Dragon Warrior is a role-playing game developed by Chunsoft and published by Enix on 1986-05-27 for the NES and later that year for the MSX and MSX2. It is the first game in the Dragon Warrior series. In the game's story, the evil Dragonlord has stolen a sacred relic from the kingdom of Alefgard plunging the land into darkness and kidnapped the Princess Gwaelin. King Lorik has sent many brave men to retrieve the relic, but none have returned. You are the last hope to defeat the monsters of the realm, rescue the princess, and vanquish the Dragonlord to return light to the kingdom.
Around 1990, my mother bought us Dragon Warrior and River City Ransom at a garage sale, and I found both games to be a lot of fun. Although, by today's standards, Dragon Warrior is a pretty dull game, I still spent a lot of time playing it at home and at my cousin's house. I remember my religious aunt being very concerned about the game having a "warlock" in it. My brother and I played the game, grinding for many hours, until one day he told me that he beat the game. I used our shared character to grind more until I maxed out the experience, gold, and hit level 30. After that, I beat the game too.
I own this game for the NES and have beaten it and maxed out a character.
- Overall: 4/10
- Best Version: NES
- The cartoon monster graphics are drawn fantastically by Akira Toriyama.
- Even with the game's rather poor audio driver, the music is quite good. Enix was wise to hire Koichi Sugiyama, a professional, to compose their music.
- The player sprite graphic changes when he's holding a sword, shield, and the princess. A nice touch.
- Showing the evil Charlock Castle surrounded by swamp in the distance is a nice way of letting the player imagine how awful it's going to be long before they can actually reach it. Although, it creates a serious plot hole: doesn't Alefgard have boats?
- I like the reveal in the final battle.
- The game has three different endings, based on whether you accept the Dragon Lord's offer, and whether you have rescued Princess Gwaelin. And it's a pretty good cut scene for 1986.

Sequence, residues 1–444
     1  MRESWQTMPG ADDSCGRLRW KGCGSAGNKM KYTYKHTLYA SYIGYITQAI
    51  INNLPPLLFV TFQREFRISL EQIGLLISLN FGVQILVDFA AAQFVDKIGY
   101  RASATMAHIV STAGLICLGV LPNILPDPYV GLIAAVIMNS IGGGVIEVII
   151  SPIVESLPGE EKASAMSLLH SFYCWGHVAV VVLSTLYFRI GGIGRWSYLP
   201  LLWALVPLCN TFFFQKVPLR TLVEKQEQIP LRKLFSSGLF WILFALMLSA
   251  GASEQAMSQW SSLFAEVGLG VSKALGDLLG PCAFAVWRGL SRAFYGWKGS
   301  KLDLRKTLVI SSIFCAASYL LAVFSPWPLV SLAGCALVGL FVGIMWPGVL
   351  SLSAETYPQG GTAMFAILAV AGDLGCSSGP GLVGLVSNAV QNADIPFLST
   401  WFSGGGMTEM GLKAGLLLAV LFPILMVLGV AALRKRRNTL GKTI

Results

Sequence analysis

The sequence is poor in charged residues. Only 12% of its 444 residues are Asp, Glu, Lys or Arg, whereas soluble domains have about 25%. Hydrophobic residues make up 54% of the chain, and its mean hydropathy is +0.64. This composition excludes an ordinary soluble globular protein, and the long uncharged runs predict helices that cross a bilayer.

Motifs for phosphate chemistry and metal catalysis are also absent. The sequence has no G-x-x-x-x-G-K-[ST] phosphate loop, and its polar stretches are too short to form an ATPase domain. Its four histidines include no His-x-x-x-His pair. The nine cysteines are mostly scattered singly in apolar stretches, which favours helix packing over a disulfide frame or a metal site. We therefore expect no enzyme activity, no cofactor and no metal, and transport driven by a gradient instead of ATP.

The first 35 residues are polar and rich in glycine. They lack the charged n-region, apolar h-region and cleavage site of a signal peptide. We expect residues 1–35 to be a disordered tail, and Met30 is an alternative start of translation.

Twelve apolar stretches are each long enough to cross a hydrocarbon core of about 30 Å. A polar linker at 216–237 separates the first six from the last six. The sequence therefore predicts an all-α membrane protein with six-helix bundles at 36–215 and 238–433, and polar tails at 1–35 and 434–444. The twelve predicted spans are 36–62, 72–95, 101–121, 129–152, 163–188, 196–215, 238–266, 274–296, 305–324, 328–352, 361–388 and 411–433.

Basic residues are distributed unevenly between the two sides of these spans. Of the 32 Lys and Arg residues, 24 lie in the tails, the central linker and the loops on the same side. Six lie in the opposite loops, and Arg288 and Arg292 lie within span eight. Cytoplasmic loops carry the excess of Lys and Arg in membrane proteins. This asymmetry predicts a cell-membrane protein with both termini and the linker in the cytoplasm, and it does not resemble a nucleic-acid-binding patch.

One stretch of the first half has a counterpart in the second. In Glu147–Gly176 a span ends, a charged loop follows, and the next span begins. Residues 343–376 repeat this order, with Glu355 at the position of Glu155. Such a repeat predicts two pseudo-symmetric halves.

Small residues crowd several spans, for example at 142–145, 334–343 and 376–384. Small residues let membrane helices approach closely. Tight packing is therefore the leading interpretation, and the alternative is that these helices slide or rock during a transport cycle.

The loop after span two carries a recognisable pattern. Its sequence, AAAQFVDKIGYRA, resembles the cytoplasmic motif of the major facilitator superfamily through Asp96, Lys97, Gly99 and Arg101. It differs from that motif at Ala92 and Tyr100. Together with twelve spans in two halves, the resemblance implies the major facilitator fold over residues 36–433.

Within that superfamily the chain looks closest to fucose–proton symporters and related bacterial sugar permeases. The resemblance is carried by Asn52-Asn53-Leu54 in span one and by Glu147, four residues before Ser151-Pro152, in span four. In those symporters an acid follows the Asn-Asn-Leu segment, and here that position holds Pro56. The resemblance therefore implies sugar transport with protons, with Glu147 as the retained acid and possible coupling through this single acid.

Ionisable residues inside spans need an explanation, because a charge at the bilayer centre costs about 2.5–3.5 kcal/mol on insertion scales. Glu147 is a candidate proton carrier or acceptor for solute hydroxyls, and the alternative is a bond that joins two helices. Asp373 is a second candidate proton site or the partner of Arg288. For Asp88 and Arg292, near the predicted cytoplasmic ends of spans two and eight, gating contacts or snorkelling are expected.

- There isn't much to do in the game. If grinding wasn't necessary, you could talk to every NPC, collect every item, traverse every map, and beat the game in about an hour.
- The combat is very primitive. You only ever control one hero, you only ever fight one monster, and your actions are limited to fight, spell, item, and run. However, if given the choice between combat that is too complex or too simple, I prefer too simple.
- Even with only a handful of items in the game, the designer's still managed to make a few of them effectively useless including the Fighter's Ring, Cursed Belt, and Necklace of Death.
- The save-the-princess trope was pretty played out, even in 1986, and it's embarrassing now. Especially since you have to literally carry Gwaelin all the way back to the castle (are her legs broken?). Finally, she professes her love to you simply because you rescued her.
- The game only has a single role-playing element (a decision to make) at the very end, and it's entirely predictable.
- The game is painfully grind heavy. The designers would need to make enemies reward about 10 times more gold and experience than they do in order to make the game bearable by today's standards.
Coming soon in The Official Nintendo Player's Guide.
- youtube.com/watch?v=jmzHrNVelL0 - Longplay.
The title was changed from "Dragon Quest" to "Dragon Warrior" in the USA because of a pen and paper RPG TSR sold called "DragonQuest." Enix continued calling the American released "Dragon Warrior" until 2004 when they started using "Dragon Quest" for all regions.
|Japanese||ドラゴンクエスト||Doragon Kuesuto||Dragon Quest|
- thealmightyguru.com/Reviews/DragonWarrior/Index.html - My old Dragon Warrior site.